“My first assignment after graduating was to act as an enemy intruder flying the T-33 Shooting Star as part of fighter pilot/combat controller training,” J.B. explains. He then went on to train cadets at the Air Force Academy. “I completed my Air Force career flying the HH-53 Jolly Green Giant recovering reconnaissance satellites after they splashed down in the Pacific Ocean.”
After 10 years of Air Force service, J.B. flew for Trans Colorado Airlines, and later Continental Airlines, where he flew the DC-10, DC-9, and MD-80. In 1990, he joined the FAA as an air carrier operations aviation safety inspector.
“I joined the FAA to broaden my aviation career,” he notes. “I wanted to see the other side of aviation and get involved with aviation safety.” J.B. now works with the national FAA Safety Team (FAASTeam) as the helicopter subject matter expert (SME) and is the SharePoint manager who links FAASTeam representatives to current training documents. He also serves on the FAA’s Compliance Philosophy Focus Team as the SME for remedial pilot training.
As the educational outreach arm of the FAA, the FAASTeam is committed to serving the GA community and making our skies even safer. It promotes safety through many different outlets — in-person seminars, webinars, online education through FAASafety.gov, and production of safety brochures, videos, and this magazine. One of J.B.’s projects is the development of a free Flight Risk Assessment Tool (FRAT) smart phone application to easily allow any pilot, especially those just flying for fun, to better assess the risks before their flights.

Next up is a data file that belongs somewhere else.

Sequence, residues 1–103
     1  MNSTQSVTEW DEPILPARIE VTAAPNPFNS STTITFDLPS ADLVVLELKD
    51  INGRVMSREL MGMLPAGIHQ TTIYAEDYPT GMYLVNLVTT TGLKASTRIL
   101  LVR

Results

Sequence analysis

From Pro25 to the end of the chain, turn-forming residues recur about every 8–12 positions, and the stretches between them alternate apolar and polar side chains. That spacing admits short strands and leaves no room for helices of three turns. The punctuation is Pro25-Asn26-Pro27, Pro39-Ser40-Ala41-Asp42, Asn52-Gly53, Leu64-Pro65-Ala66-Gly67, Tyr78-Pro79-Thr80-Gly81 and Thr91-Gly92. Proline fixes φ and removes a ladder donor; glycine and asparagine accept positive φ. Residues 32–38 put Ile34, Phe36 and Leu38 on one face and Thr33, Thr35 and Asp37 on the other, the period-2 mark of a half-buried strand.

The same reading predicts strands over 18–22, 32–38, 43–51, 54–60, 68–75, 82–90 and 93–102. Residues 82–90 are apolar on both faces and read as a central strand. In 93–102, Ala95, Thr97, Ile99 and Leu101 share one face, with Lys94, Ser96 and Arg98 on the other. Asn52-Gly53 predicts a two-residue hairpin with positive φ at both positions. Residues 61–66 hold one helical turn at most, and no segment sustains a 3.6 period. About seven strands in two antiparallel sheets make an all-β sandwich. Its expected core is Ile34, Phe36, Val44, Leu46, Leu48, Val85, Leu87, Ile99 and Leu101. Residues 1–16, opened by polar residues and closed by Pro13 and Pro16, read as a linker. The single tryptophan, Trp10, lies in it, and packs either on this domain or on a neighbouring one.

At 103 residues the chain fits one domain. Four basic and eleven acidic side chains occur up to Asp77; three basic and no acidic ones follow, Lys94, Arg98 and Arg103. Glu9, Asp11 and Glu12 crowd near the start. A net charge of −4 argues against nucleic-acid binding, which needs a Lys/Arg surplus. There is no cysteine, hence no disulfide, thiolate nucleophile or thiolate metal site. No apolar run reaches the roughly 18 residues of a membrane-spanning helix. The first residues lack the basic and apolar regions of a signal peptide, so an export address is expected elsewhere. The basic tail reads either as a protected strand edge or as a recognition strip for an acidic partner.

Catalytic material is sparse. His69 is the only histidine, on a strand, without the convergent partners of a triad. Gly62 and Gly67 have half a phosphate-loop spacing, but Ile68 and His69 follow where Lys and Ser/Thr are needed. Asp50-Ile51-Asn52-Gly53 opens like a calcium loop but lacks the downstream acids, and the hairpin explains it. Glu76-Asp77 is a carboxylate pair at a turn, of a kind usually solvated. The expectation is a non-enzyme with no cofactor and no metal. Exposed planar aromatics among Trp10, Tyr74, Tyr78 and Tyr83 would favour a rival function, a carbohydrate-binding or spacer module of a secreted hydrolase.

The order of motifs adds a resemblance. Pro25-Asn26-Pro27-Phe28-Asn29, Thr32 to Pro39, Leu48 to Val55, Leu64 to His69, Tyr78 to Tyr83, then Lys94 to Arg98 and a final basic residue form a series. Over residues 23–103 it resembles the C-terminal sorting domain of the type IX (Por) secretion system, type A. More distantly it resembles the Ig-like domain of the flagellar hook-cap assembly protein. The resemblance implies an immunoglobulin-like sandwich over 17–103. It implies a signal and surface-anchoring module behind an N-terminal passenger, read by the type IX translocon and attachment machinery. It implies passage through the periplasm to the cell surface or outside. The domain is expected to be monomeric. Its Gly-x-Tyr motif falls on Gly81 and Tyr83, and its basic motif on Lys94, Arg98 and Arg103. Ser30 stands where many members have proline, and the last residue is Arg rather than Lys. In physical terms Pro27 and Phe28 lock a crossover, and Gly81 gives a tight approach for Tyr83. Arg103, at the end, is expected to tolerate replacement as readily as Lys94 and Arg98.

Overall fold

“Our mission is safety and reducing the GA accident rate. The best way to do that is to educate pilots on safety and risk management.”
The FAASTeam has also been involved in providing education on small unmanned aircraft system (sUAS) operations as well as providing certificated pilots the means to qualify for the Remote Pilot Certificate by completing the part 107 Remote Pilot Training Course on FAASafety.gov. Educational outreach about NextGen and the 2020 ADS-B mandate is also ongoing; pilots need to understand the importance of upgrading their equipment to be ADS-B Out compliant.
J.B. notes that one of the biggest challenges the FAASTeam faces is reaching the pilots and mechanics who do not usually participate in or read FAA safety outreach material. If you are reading this magazine and have an idea on how to reach those not reading it or attending safety seminars, send us an email or a tweet. We all fly in the same airspace, so help us reach out to our fellow pilots.
“Every pilot is involved in risk management whether they know it or not,” explains J.B. “Our advice to GA pilots is to use an organized and repeatable risk-based decision making process before you fly to ensure that you are operating at the highest safety standard.”
If you fly the skies over Cary, North Carolina, keep a lookout for J.B. He is either working on or flying his experimental Titan Tornado S every Sunday. He also volunteers with his local EAA chapter. You can bet he completes a flight risk analysis before every flight, even with all that flight experience. So should you.
Paul Cianciolo is an assistant editor and the social media lead for FAA Safety Briefing. He is a U.S. Air Force veteran, and a rated aircrew member and public affairs officer with the Civil Air Patrol.
This article was originally published in the January/February 2017 issue of FAA Safety Briefing magazine.